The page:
• Roddy White, Calvin Johnson, Laurent Robinson and Plaxico Burress lead all receivers with seven red zone scores. White has really come on strong of late and is becoming a monster touchdown machine when you need it the most, while Robinson is the most efficient of the bunch with a 70 percent red zone scoring rate. Trailing that quartet are two undersized slot receivers in Wes Welker and Lance Moore, who both play with some great quarterbacks and who have each caught six touchdowns inside the 20.
• Rob Gronkowski (11) and Aaron Hernandez (six) have combined for 17 red zone scores this year, which is amazing for two tight ends on the same team. It is even more amazing when you consider that they have more touchdowns inside the 20 combined than Vernon Davis (four), Dallas Clark (two), Jermichael Finley (six), Jason Witten (three) and Marcedes Lewis (zero) combined.
• Ryan Mathews has scored on four of his five goal line chances this year, which is a league best 80 percent goal line touchdown rate among the backs with at least five chances. His teammate, Mike Tolbert, has four goal line scores on 16 chances. Give the ball to Mathews Norvall! That also bodes very well for Mathews in 2012 should Tolbert leave via free agency, because if he becomes a full time and goal line back, Mathews will have top five potential.
• Since BenJarvus Green-Ellis barely receives 10 carries in his games, it is a good thing he has remained a stud at the goal line. The Law Firm has been the most efficient goal line runner among the 10 busiest goal line backs this season as has scored eight times on 16 carries, good for a 50 percent scoring rate. The worst among the top 10 in chances has been Frank Gore, who has just a 23.8 percent scoring rate, which is another reason that David Akers is the main point scorer in San Francisco.
• For as dominant as A.J. Green has been in other aspects of his game, he has to get better in scoring situations if he wants to be a top five Fantasy receiver. Green has just one touchdown on six targets inside the five yard line, which is the second worst scoring rate among the most targeted receivers.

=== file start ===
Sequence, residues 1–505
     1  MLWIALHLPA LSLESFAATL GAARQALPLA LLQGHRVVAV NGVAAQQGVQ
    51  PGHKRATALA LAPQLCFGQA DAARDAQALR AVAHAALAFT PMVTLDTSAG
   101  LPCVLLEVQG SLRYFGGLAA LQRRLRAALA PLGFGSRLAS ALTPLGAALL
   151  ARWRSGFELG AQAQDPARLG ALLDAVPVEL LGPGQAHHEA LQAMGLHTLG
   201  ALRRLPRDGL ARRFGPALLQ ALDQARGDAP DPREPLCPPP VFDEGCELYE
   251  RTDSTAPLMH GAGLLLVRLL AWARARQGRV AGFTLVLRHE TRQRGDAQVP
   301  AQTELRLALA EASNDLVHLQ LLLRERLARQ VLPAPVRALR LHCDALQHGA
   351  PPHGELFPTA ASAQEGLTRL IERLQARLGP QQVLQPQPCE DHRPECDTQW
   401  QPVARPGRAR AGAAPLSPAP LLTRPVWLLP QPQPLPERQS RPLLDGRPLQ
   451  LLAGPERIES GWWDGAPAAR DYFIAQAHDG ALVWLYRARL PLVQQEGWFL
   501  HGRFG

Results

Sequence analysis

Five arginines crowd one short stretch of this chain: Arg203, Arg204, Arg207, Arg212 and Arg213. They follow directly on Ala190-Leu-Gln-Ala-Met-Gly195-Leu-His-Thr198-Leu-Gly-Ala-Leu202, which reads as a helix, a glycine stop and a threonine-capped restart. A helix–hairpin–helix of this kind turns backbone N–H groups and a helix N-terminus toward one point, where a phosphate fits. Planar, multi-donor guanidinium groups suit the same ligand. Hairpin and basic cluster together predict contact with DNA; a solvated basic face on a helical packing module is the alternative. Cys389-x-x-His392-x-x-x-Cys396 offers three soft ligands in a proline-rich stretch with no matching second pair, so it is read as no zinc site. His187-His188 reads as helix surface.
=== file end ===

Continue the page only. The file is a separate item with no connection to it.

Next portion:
• In a battle of Brandon's, who do you think leads this trio in terms of goal line touchdowns in 2011: Brandon Marshall, Brandon Lloyd or Brandon Lafell? We can cross Lafell off of that list right? Wrong! Marshall and Lloyd have yet to score a goal line touchdown this year despite seeing 11 targets combined (seven for Marshall and four for Lloyd). Lafell meanwhile has converted both of his targets inside the five yard line into touchdowns. That's another clear example of what a wacky league the NFL can be at times.
| Target Conversion Rate or Catch Rate (TCR): The percentage of a player's targets (passes thrown to them) that are converted into receptions. Over 60 percent is excellent, 66 percent is elite and under 52.5 percent is worrisome. |
Yards per Target (YPT): A player's receiving yards divided by his targets. In other words, the numbers of yards a team gains on average every time they attempt a pass to a certain player. Over 10 is exceptional, over 8 is solid and 6 or lower is horrendous.
Red Zone Opportunities: A player's total number of pass+rush+targets inside the opponent's 20 yard line
Red Zone TD Rate: The percentage of a player's Red Zone opportunities that result in a TD
Goal Line Opportunities: A player's total number of pass+rush+targets inside the opponent's 5 yard line
Goal Line TD Rate: The percentage of a player's Goal Line opportunities that result in a TD
Consistency Rate: The percentage of quality starts a player gives you out of 16 games. For QBs that is a game with 300+ yards passing OR multiple TDs. For RBs/WRs: A game with 100+ yards rush/rec or a game with a TD. For TEs: A game with 60+ yards receiving or a TD. For a Kicker: A game with multiple FGs.
Big Game Rate: The percentage of dominant starts a player gives you out of 16 games (games missed with injury count as a bad game since they do not help your Fantasy teams). For a QB that is a game with 300+ yards and 2+ TDs or 200+ yards and 3+ TDs. For a RB/WR that is a game with 100+ combined rush/rec yards and a TD or a game with multiple TDs. For a TE that is a game of 60+ yards and a TD, 100+ yards or a game with multiple TDs.